TrueCar held a preliminary second quarter results conference call last week for investors in light of expected losses. During the call, management made a point to explain it’s important to discuss what is contributing to these predicted losses, but also “what did not happen.”
Scott Painter, TrueCar’s chief executive officer and founder, shared with listeners that the end of the company’s relationship with AutoNation, in particular, did not contribute to difficulties seen in Q2.
“AutoNation stores came off in the third quarter, which did not contribute to the shortfall in the second quarter. The losses against us have not disrupted our dealer relationships,” said Painter.
Earlier this month, AutoNation and TrueCar announced their relationship would be ending as of July 31 due to a dispute about the sharing of customer information.
That said, TrueCar management did provide guidance to investors on the factors that did, in fact, impact Q2 performance, naming lower revenue growth, as well as an increase in spending as the main culprits.
On Thursday evening, Painter said, “Today, we announce our second quarter and full-year results will fall short of our prior guidance, and we are announcing the expected results today because we wanted to get the information out as soon as we had clarity on it, and we also wanted to provide insight and perspective on the quarter.”
Painter provided specific guidance on the following metrics for TrueCar’s Q2 performance before officially announcing the results during a future conference call, scheduled for Aug. 6:
- The company anticipated it will miss prior guidance on unit volume, revenue and adjusted EBITDA
- TrueCar expects Q2 revenue to come be in the range of $65 million to $65.3 million.
- The net loss is expected to be between $15 million and $15.5 million.
- Adjusted EBITDA for the second quarter is expected to be in the range of $200,000 loss to a positive $300,000.
- And units should come in at around 189,000 for Q2.
Mike Guthrie, chief financial officer at TrueCar, explained in more detail the reasons behind the losses, focusing on expected losses in EBITDA, specifically.
“One is revenue growth came in lower than expected, which resulted in lower growth in units during the quarter, and on the expense side, increased marketing spend associated with a number of initiatives within the company also contributed as well as headcount costs, which were related to hiring that we pulled forward to accelerate our mobile and the development of other new products,” Guthrie reported.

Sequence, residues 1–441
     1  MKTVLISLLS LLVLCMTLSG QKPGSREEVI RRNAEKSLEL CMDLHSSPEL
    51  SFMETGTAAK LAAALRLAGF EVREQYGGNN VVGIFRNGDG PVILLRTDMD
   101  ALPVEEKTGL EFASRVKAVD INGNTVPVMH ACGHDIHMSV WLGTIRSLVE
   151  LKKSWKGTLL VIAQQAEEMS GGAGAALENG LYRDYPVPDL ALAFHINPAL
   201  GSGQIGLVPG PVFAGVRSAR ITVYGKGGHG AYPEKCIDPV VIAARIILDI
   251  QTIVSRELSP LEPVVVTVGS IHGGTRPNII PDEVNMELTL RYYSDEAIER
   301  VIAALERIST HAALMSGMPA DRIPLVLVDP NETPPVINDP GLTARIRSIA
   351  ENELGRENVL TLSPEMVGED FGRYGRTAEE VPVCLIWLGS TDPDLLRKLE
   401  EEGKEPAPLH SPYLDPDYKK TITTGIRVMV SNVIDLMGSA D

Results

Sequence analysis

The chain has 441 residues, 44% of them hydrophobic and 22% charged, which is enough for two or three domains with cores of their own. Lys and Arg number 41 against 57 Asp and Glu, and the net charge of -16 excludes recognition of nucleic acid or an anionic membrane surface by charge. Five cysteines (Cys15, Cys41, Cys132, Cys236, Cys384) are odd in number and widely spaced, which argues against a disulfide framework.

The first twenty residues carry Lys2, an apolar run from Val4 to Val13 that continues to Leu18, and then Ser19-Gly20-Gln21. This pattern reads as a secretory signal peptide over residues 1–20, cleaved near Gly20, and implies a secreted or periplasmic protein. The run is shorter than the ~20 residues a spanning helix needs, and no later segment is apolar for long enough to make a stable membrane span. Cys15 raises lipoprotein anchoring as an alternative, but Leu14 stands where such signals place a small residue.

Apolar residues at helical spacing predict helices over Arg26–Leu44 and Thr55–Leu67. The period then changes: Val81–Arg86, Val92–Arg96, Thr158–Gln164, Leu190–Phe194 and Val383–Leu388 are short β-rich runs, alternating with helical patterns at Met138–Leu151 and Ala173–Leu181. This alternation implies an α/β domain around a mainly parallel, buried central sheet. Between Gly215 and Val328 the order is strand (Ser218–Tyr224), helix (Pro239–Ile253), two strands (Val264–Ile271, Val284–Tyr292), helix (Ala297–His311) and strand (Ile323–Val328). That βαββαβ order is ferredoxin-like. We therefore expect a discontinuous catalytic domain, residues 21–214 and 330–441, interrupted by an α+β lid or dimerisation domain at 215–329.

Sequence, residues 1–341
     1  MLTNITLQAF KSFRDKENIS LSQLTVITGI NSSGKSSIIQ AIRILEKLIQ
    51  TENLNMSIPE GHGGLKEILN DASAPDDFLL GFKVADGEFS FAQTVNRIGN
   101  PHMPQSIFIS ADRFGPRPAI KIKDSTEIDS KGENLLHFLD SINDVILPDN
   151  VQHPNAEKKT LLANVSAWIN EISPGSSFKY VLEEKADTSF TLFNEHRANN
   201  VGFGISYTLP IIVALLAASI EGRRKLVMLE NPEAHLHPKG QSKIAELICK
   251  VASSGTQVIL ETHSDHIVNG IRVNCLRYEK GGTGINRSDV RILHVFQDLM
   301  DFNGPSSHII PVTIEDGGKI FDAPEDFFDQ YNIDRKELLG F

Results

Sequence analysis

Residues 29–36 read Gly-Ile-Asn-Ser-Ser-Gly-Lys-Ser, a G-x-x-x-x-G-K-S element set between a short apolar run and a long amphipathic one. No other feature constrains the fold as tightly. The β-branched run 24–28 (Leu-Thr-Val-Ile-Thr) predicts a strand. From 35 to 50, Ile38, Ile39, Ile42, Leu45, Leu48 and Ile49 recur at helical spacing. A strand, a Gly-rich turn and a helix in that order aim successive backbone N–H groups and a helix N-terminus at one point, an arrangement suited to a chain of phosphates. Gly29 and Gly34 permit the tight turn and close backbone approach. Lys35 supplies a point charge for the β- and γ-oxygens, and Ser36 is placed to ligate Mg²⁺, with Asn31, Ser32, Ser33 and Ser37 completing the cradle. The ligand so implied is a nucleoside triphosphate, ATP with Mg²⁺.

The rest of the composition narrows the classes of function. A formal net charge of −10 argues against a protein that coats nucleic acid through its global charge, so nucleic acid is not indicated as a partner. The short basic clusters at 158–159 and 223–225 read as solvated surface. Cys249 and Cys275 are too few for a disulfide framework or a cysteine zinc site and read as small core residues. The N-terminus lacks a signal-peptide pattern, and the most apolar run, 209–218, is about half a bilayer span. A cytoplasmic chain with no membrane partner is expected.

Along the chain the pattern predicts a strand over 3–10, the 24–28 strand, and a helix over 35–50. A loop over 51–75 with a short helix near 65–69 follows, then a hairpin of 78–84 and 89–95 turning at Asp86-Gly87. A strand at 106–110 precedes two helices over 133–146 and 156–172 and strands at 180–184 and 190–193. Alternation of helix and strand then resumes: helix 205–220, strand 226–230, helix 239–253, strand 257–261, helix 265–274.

He also noted that the company was light on units across all three of its marketing channels by about 9 percent, which caused approximately a $9 million impact on revenue.
“We need to continue to add more partners that can help drive unit growth,” he added.
That said, it wasn’t all bad news for the company.
“Ironically, in despite of the miss in expectations, it’s shaping up to be our best quarter in corporate history in terms of unique visitors, unit volume, total revenue, closing dealer count and other key metrics,” said Painter.
The company expects to grow units by approximately 27 percent year-over-year, and branded channel units are predicted to increase by approximately 46 percent, which Painter pointed out is substantially higher than overall industry sales industry growth in new automobile sales, which grew at about 4 percent.
Painter also assured investors that the second-quarter results will be a “wake-up call” for the company.
“Despite the challenges in the quarter, I think we are all as excited about the company as we have ever been. I think this quarter is an important wake-up call to us, however, as an organization. We clearly need to focus, prioritize better and show a bit more discipline on the cost side of the business,” Painter said.
“What’s important is that we don’t feel like we have a consumer problem, as we are still able to draw customers as attractive rates to effectively grow our business," he continued. "And despite the legal challenges on the dealer front, we do not have a dealer problem as we are at all-time highs in terms of dealer count and in terms of revenue per dealer.”
During the Q&A portion of the call, not surprisingly, the topic of the loss of the biggest dealer group in the country, AutoNation, and the potential future impact on the company came up.
First, investors wanted to know why they were not warned of potential losses in Q2 during the announcement that TrueCar was parting ways with AutoNation earlier this month.
“When AutoNation announced, we felt like we had to address the AutoNation situation. We were not prepared to talk about the guidance in the business in the back half. We were still in the process of getting our arms around that,” Guthrie said.
TrueCar management pointed out that AutoNation constituted just three percent of the company’s revenue in Q2, noting it was a bit more than that last year and has been on the way down quarter-by-quarter.
The AutoNation break represents a loss of 279 stores in the TrueCar network, which Guthrie said it expects to replace by Dec. 31.
“The amount of impact AutoNation has on our guidance is small, if anything. At the absolute extreme end it has a 3 percent impact on Q3 and Q4. And we obviously don’t think it will be that large," Guthrie said.